3. How is this supposed to work? Do we actually rely on people to think selfishly when they vote and then just go along with the majority, even though this leaves millions of people still fighting against each other instead of fighting side by side towards common goals?

    It's so confusing and I see so many problems. I want to make things better, not just here, but everywhere on Earth, and I'll probably always do that in my own way. I don't know if voting would help in this goal. I want to vote, and I want it to make a difference, or at least represent something that makes a difference, but I just don't see how it can be that way. Perhaps someone can enlightenment me on the true importance of my vote. My approach so far has been to let other people do the voting. I'll live with the results. Let them have what they want, I'll still do my own thing. Of course I'll still have opinions, but I won't pretend like they are facts.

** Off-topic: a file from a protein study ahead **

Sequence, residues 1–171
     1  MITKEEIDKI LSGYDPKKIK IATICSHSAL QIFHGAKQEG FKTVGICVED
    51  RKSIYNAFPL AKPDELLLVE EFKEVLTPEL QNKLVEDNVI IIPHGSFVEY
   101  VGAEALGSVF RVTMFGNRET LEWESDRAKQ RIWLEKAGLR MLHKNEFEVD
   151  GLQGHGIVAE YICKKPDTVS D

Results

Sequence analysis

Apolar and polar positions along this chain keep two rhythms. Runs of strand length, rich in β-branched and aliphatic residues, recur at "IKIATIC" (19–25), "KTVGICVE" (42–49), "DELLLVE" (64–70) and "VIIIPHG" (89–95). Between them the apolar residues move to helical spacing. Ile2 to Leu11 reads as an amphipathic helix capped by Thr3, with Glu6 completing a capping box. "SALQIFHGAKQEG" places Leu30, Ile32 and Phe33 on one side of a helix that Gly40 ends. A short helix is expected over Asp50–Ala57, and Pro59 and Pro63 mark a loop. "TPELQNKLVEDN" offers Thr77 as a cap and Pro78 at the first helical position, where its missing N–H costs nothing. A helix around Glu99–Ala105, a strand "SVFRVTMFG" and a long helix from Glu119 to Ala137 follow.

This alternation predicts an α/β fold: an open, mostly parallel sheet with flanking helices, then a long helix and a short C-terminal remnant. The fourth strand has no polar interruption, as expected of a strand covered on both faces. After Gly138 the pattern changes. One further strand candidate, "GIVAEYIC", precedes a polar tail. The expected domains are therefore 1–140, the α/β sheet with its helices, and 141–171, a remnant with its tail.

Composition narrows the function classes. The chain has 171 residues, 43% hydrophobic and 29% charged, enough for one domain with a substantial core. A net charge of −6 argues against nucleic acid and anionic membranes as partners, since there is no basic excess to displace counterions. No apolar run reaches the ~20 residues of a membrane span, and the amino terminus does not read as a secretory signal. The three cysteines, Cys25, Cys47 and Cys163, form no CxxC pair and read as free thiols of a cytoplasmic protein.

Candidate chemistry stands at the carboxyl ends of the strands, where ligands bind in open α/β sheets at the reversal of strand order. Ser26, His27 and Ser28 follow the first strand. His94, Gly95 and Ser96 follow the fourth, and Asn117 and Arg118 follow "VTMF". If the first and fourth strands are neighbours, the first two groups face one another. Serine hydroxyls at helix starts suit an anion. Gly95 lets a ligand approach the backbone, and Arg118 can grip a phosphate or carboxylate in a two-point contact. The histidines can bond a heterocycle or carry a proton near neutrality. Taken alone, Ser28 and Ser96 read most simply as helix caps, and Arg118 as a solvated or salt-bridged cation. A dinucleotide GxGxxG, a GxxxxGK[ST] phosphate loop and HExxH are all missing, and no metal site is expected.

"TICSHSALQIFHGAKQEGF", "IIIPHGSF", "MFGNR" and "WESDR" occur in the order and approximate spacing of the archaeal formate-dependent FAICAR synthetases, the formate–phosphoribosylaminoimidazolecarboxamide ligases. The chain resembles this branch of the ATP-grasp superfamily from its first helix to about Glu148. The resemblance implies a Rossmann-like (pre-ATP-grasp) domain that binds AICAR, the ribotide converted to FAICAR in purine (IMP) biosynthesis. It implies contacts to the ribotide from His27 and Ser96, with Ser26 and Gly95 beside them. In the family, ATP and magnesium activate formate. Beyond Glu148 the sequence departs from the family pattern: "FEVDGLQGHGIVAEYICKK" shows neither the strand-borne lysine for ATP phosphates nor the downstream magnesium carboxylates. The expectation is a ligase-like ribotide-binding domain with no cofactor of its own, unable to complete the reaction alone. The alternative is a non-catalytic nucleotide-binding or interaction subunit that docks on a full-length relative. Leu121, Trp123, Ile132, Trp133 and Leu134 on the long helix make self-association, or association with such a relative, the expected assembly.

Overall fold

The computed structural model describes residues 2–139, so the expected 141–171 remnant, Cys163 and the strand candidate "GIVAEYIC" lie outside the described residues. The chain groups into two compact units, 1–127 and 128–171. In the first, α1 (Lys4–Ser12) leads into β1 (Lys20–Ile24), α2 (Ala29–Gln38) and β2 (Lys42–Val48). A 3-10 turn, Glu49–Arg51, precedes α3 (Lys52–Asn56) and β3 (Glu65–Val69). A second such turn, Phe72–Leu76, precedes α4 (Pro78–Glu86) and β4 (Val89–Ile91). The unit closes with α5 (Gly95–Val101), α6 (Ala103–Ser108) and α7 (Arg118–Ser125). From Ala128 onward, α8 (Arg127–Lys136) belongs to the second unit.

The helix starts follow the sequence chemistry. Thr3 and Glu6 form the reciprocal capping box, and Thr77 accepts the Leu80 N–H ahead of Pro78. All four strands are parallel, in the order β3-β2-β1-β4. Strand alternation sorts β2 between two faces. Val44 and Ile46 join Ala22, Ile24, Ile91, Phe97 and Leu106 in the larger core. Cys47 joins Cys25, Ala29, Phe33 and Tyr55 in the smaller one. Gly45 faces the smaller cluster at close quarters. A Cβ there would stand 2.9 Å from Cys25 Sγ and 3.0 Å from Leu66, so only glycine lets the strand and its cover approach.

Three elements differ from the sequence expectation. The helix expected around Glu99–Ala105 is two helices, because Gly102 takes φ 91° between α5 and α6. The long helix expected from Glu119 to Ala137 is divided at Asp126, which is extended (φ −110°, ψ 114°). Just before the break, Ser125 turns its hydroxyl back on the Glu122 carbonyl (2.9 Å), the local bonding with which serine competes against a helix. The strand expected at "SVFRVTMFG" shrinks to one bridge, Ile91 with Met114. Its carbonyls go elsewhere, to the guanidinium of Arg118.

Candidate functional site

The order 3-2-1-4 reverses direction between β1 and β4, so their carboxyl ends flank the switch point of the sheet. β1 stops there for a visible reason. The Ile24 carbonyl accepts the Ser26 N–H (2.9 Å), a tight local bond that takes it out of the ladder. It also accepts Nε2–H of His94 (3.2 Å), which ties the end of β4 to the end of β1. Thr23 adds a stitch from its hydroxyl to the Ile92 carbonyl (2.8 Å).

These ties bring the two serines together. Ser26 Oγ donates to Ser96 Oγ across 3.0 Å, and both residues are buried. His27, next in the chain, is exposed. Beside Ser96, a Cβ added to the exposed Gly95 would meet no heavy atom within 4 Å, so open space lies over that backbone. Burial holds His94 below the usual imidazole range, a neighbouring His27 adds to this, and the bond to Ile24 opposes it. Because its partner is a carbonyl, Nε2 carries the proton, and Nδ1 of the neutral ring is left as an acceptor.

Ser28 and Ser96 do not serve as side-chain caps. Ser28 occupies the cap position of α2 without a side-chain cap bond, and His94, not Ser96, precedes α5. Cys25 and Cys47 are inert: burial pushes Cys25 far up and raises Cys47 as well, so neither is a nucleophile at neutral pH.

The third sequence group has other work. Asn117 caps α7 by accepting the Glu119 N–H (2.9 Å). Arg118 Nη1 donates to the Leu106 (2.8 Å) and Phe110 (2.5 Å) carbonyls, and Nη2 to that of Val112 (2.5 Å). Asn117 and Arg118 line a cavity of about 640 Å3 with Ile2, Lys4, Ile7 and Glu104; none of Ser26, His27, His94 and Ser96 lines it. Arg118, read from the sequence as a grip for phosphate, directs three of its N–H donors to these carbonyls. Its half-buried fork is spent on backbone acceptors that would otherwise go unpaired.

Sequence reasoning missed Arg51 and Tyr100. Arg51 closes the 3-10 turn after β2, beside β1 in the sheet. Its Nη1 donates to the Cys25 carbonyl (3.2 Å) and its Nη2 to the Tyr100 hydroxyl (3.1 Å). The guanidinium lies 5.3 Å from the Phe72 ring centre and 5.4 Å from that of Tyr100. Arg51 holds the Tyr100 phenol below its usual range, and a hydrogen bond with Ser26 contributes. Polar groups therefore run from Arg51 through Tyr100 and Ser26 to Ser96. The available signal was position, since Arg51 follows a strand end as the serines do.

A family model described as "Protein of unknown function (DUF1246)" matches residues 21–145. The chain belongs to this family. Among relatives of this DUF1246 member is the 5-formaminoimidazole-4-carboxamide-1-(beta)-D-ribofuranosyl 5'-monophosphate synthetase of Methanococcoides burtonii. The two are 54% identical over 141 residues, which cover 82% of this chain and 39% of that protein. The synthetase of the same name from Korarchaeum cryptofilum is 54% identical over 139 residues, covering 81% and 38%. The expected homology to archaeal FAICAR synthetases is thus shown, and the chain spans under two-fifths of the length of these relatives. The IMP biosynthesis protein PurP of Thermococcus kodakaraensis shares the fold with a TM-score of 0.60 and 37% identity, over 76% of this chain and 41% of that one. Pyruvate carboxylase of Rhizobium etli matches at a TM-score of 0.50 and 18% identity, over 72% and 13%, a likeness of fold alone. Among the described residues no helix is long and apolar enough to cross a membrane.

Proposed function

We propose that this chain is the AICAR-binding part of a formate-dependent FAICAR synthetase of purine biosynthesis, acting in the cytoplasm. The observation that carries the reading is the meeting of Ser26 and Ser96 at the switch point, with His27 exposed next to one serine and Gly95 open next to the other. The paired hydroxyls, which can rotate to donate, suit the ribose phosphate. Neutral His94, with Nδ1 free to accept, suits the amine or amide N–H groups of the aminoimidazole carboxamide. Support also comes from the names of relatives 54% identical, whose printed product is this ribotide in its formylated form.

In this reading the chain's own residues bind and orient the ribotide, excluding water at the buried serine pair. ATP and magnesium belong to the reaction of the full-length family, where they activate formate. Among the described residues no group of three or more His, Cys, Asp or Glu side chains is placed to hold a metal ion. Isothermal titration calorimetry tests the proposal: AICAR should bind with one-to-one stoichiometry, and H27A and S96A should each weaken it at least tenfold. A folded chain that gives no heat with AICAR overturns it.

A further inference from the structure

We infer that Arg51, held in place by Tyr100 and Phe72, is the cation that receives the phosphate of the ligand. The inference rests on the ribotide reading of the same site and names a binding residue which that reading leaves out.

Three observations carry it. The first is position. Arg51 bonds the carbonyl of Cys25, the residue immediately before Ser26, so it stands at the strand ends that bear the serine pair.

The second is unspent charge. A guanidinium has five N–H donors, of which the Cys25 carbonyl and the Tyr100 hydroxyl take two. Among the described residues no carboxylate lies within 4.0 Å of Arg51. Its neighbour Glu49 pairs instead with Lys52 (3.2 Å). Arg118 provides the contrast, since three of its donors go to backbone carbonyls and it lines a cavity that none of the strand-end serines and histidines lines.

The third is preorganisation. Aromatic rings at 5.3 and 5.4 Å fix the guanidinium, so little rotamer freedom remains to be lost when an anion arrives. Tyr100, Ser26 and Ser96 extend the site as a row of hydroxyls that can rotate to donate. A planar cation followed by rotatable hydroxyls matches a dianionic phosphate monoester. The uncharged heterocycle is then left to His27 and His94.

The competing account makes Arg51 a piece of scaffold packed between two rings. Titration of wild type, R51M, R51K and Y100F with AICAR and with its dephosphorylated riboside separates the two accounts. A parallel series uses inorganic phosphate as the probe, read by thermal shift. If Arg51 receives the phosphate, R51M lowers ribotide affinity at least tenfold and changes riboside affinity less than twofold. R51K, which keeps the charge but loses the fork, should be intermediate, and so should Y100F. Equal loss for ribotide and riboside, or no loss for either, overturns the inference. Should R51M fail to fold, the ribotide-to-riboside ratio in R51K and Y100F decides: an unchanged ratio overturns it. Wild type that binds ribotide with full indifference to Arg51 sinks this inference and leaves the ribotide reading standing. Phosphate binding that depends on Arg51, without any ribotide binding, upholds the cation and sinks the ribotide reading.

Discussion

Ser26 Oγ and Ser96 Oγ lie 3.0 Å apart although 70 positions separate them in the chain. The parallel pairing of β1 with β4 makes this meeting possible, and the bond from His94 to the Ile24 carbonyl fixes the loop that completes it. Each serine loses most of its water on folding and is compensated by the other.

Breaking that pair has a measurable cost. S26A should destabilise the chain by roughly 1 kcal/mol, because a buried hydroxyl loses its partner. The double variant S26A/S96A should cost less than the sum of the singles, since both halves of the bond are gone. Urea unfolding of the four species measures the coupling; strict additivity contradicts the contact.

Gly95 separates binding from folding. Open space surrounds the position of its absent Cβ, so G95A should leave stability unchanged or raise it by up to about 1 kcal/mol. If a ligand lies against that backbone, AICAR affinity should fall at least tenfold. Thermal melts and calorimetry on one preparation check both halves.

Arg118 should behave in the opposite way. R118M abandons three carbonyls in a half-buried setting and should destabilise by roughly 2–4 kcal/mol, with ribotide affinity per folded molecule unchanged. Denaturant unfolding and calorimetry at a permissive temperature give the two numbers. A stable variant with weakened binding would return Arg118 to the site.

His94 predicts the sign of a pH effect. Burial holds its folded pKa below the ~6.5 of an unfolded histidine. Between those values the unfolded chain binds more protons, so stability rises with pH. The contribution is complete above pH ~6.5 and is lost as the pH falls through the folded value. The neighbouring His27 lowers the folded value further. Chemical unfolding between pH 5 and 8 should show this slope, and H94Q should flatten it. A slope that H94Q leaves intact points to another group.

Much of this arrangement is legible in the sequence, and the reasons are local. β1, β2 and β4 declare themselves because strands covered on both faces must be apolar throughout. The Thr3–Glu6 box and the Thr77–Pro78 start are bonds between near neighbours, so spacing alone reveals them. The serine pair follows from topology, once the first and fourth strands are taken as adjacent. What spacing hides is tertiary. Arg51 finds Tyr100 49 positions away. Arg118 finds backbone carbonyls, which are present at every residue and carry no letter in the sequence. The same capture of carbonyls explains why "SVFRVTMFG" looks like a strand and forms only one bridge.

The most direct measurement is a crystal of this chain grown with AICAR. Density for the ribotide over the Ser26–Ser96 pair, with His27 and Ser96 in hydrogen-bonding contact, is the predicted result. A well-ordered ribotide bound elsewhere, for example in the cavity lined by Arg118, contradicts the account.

However, I know that I'd be a conscientious voter. Based on some of the ways that other people are casting their votes, maybe throwing my own in there wouldn't be such a bad thing.

    (And remember, I'm not one of those people who feels hopeless about voting while saying, "It's just one vote." I know it's just one vote, but every vote is just one vote. I actually consider my vote really important and I don't want it to be cast haphazardly.)

  2. #2


    Democracy IS a messy process. The saying is that "democracy is the only form of government where the people get what they deserve."

    Yes, as average voters, we won't know what is best, and a lot of people do vote in a way they believe will best serve their interests.

    There is such a thing a "wisdom of crowds" of sorts. Markets rely on this. It can be debated how well democracy works in this respect (or markets even for that matter).